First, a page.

Travel, Currency and Money saving tips for Saudi Arabia
The birthplace and spiritual home of Islam, Saudi Arabia is as rich in attractions as it is in stirring symbolism. It is also one of the most difficult places on Earth to visit. And for Muslim travellers, Mecca and Medina represent the most sacred destinations you can imagine.
What currency is used in Saudi Arabia?
The Saudi riyal (SAR) is Saudi Arabia’s official currency, with each Saudi riyal divided into 100 halala. Five halala are equal to 20 qurush. ATMs are everywhere and usually reliable. Visa and MasterCard are the most commonly accepted credit cards, but some establishments also accept Discover or American Express cards. Travelers’ checks are also widely accepted, but can sometimes be difficult to change.
Cash is commonly used, and automatic teller machines (ATMs) are found throughout Makkah. Foreign credit and debit cards are accepted at all but the smallest hotels, shops and restaurants. Generally, taxis only accept cash.
How to travel in Saudi Arabia?
Checking in 1½ hours before departure is advised for domestic flights. Note that Medina airport lies outside the haram (forbidden) area, so it can be used by non-Muslim tourists; it can be a useful gateway for Al Ula in particular. Bus fares are approximately half of the equivalent airfare. Return tickets are 25% cheaper than two one-way fares. Online booking is now available.
Unaccompanied foreign women can travel on domestic buses with their iqama (residence permit) if they're an expat, or with a passport and visa if a visitor. The front seats are generally unofficially reserved for ‘families’ (which includes solo women), and the back half for men.
Saudi Arabia currently has only one stretch of train track in the entire country, between Riyadh and Dammam via Al Hofuf. There are three classes: 2nd, 1st and VIP class. The main difference between them is legroom (plus TV and a meal in the splendidly named ‘Rehab’ VIP class). All classes have access to the train restaurant.
Taxis are found in most of the larger towns and are known as ‘limousines’; they can be hailed anywhere. Note that it’s much cheaper to negotiate the fare first (as locals do) rather than use the meter.
Travel tips for Saudi Arabia.
Saudi Arabia contains the holy Muslim cities of Mecca and Medina, to which all physically and financially able Muslims are required to make a pilgrimage at least once if possible and where non-Muslims are forbidden from entering. Saudi Arabia has some of the most restrictive travel policies in the world, and advance visas are required for all foreigners desiring to enter. The only significant exception is citizens of the Gulf Cooperation Council nations. Also exempt from visa requirements are foreigners transiting through airports for less than eighteen hours, but many other entry requirements, such as the dress code and restrictions on unaccompanied females, still apply. Nationals of Israel and those with evidence of visiting Israel will be denied visas, although merely being Jewish in and of itself is not a disqualifying factor.
It should be noted however that traveling to the Najran and the Saudi Yemeni border should be done with slightly more caution than usual, although if you use street smarts you will be safe. Saudi Arabia is a Muslim country in which Sharia (Islamic) law is strictly enforced. You should respect local traditions, customs and laws. For example, the public practice of any form of religion other than Islam is illegal and homosexual acts, adultery, and the possession of alcohol/drugs/pornographic material are illegal, and the punishment results in up to death.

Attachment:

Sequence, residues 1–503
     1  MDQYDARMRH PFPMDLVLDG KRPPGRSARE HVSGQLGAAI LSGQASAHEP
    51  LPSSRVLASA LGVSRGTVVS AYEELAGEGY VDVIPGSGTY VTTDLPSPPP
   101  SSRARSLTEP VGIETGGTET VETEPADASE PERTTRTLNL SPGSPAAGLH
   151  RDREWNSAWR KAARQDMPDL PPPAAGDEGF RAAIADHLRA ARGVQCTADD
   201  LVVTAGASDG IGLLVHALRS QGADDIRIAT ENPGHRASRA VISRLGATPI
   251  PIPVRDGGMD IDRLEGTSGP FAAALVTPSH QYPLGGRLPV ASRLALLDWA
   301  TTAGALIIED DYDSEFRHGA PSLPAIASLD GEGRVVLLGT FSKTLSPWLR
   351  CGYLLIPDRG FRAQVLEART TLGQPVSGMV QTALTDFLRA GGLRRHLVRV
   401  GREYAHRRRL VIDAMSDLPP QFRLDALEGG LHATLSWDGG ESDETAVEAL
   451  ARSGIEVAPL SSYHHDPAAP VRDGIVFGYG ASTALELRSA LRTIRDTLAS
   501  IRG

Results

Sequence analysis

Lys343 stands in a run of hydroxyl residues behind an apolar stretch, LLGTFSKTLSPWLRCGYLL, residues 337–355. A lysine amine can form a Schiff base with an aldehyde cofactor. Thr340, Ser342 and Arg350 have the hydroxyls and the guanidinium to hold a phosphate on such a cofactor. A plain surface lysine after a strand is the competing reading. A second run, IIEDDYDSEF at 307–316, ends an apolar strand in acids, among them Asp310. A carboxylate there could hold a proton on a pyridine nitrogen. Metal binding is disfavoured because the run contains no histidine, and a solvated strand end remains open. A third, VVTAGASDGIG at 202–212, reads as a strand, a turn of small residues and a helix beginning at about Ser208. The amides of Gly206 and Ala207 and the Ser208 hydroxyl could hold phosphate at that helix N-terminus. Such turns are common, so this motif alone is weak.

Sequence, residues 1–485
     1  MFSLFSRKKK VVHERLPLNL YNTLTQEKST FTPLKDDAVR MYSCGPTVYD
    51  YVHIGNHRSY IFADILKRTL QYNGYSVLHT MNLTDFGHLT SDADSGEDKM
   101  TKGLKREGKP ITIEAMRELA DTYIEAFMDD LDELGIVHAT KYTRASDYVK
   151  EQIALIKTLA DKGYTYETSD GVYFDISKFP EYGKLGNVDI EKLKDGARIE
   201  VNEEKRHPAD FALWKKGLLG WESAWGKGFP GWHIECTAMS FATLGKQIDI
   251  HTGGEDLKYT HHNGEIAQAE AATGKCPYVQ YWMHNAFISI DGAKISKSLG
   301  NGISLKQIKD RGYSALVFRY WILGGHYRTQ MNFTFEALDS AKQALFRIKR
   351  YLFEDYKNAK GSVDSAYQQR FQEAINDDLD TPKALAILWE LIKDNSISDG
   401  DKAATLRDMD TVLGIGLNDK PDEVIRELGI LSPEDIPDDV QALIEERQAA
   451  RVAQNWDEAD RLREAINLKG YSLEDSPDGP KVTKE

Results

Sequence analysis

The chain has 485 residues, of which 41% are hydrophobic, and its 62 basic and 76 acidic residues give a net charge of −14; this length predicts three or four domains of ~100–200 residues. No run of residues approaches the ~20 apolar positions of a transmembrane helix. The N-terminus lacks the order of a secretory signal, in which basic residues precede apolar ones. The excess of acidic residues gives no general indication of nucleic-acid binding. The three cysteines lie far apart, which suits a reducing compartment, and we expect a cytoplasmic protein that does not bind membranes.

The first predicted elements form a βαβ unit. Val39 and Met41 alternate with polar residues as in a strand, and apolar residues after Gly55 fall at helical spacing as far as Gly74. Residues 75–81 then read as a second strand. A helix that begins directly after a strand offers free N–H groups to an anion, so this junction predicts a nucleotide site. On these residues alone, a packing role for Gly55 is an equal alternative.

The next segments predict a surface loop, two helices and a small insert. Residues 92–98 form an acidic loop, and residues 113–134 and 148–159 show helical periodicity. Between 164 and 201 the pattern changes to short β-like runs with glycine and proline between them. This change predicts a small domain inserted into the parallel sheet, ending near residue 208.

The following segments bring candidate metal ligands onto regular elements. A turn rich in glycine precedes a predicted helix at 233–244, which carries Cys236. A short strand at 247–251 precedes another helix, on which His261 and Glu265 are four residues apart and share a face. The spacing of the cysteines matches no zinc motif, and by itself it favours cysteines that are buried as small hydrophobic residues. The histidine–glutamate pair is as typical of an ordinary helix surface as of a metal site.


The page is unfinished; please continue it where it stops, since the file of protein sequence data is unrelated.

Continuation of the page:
Formally known as the Committee for the Propagation of Virtue and the Prevention of Vice, the mutawwa (religious police) have an infamous reputation as moral vigilantes out to enforce strict Islamic orthodoxy. During Ramadan, for Muslims, public observance of the fast is mandatory. For non-Muslims, smoking, eating or drinking in public could result in arrest.
Send Money to Saudi Arabia - Best Rates
To get a good (and fair) exchange rate when sending money to Saudi Arabia you need to find and compare exchange rates for International Money Transfers (IMTs).
The available FX rates for sending money abroad can be very different to the mid-market (wholesale) rate which you see reported online and in the News.
You should especially compare your own bank's exchange rates to those available from Money Transfer specialists to see how much you can save - we make that calculation easy in the below table.
Get a better deal for foreign transfers to Saudi Arabia
When sending money to Saudi Arabia it’s important to compare your bank’s rates & fees with those we have negotiated with our partner money transfer providers.
To get a better deal you should follow these 4 simple steps :
- Open an account with a BER reviewed FX provider (id docs may be required)
- You specify the local or Saudi Riyal amount you want to transfer
- Make a local currency domestic transfer for the requested amount to the provider's bank account in your country
- Once your funds are received by the provider the converted SAR amount will be transfered to the recipient account you specify in Saudi Arabia.
Use the above Send to Saudi Riyal calculator to compare the exchange rates of FX specialist providers rates versus your bank's standard rates you can hopefully save around 5% and maybe more -
end result is more Saudi Riyal deposited into the recipient bank account and less margins and fees kept by the banks!